“Compensated unfair dismissals” – a blessing or a burden for businesses?
The government is currently consulting on whether to grant “micro businesses” (those with less than 10 employees) the right to dismiss their employees without giving a reason, and without the risk of the employee lodging an Employment Tribunal claim for unfair dismissal.
According to the government, making it less risky and easier for start up companies to fire staff will make hiring them seem more attractive, and this will be beneficial to the economy as a whole.
The consultation is joined by a recent BIS report which explores the success (or lack of it) of similar schemes in other EU states.
Whilst it is far from certain that these proposals will become reality, one certainty is that the current coalition government sees the reform and simplification of employment law as a key battle in its war to revitalise the economy.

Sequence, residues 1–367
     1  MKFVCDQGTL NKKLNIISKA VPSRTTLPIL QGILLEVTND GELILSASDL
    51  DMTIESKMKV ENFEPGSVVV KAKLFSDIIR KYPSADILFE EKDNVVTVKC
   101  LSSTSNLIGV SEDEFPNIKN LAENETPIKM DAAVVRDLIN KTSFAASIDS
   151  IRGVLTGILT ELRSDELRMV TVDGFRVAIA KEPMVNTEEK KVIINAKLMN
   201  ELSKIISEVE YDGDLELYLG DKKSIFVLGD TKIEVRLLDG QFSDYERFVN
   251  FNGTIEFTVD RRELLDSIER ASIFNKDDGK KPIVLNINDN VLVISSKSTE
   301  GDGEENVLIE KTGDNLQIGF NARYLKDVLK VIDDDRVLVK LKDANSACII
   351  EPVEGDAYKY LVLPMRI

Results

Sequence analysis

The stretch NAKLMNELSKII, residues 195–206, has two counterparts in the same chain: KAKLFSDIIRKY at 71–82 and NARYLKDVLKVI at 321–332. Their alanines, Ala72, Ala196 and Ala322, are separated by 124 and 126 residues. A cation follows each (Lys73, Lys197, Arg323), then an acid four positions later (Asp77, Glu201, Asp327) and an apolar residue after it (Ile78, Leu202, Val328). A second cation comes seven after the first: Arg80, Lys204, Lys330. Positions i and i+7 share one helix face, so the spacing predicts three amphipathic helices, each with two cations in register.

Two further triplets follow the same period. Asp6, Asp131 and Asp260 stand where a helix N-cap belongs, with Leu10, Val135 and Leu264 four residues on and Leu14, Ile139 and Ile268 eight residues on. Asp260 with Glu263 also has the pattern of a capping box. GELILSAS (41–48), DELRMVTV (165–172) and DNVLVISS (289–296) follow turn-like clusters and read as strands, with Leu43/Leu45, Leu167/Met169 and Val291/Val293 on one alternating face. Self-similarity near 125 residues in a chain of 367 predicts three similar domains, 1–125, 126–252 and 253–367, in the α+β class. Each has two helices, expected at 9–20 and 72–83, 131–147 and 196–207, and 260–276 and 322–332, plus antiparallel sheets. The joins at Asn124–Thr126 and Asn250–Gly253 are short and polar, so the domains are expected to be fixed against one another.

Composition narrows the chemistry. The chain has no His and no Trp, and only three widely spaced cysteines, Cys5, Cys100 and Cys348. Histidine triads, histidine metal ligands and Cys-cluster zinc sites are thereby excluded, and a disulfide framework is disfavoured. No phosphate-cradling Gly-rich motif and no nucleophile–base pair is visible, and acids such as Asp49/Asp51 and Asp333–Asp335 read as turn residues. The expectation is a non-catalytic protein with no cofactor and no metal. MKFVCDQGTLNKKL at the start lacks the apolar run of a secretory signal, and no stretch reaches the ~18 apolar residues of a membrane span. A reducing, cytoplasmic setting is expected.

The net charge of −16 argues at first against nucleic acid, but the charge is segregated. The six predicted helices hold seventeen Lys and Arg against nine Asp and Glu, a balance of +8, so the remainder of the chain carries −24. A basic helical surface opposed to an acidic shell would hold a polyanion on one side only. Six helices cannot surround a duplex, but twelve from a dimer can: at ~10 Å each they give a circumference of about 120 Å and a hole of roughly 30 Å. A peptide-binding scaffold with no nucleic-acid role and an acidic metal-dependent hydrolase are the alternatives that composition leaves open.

However, is it really that difficult to dismiss underperforming employees? Would removal of the right to bring an unfair dismissal claim mean that employers can sack staff without fear of consequences? Moreover, is passing yet more legislation really the best way to “simplify” employment law and encourage employers to take on more staff?